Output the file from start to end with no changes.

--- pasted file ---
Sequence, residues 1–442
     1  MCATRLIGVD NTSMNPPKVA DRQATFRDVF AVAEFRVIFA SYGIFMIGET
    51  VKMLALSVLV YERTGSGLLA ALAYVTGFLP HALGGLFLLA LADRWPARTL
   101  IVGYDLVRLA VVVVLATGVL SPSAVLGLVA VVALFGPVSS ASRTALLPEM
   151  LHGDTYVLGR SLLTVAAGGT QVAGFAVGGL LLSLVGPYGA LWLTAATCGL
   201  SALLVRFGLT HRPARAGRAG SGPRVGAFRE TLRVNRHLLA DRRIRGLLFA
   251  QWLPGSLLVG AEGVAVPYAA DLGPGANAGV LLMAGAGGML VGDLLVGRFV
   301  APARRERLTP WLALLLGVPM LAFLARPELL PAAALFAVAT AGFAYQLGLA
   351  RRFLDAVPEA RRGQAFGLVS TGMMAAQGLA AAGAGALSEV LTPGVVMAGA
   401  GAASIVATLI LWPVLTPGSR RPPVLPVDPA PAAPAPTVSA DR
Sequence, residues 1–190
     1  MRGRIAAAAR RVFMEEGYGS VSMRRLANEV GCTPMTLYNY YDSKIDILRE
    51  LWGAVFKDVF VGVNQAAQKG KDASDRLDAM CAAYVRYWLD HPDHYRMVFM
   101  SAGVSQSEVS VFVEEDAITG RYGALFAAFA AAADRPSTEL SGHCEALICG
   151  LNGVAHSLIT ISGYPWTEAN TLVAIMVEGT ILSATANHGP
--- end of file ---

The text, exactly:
Sequence, residues 1–442
     1  MCATRLIGVD NTSMNPPKVA DRQATFRDVF AVAEFRVIFA SYGIFMIGET
    51  VKMLALSVLV YERTGSGLLA ALAYVTGFLP HALGGLFLLA LADRWPARTL
   101  IVGYDLVRLA VVVVLATGVL SPSAVLGLVA VVALFGPVSS ASRTALLPEM
   151  LHGDTYVLGR SLLTVAAGGT QVAGFAVGGL LLSLVGPYGA LWLTAATCGL
   201  SALLVRFGLT HRPARAGRAG SGPRVGAFRE TLRVNRHLLA DRRIRGLLFA
   251  QWLPGSLLVG AEGVAVPYAA DLGPGANAGV LLMAGAGGML VGDLLVGRFV
   301  APARRERLTP WLALLLGVPM LAFLARPELL PAAALFAVAT AGFAYQLGLA
   351  RRFLDAVPEA RRGQAFGLVS TGMMAAQGLA AAGAGALSEV LTPGVVMAGA
   401  GAASIVATLI LWPVLTPGSR RPPVLPVDPA PAAPAPTVSA DR
Sequence, residues 1–190
     1  MRGRIAAAAR RVFMEEGYGS VSMRRLANEV GCTPMTLYNY YDSKIDILRE
    51  LWGAVFKDVF VGVNQAAQKG KDASDRLDAM CAAYVRYWLD HPDHYRMVFM
   101  SAGVSQSEVS VFVEEDAITG RYGALFAAFA AAADRPSTEL SGHCEALICG
   151  LNGVAHSLIT ISGYPWTEAN TLVAIMVEGT ILSATANHGP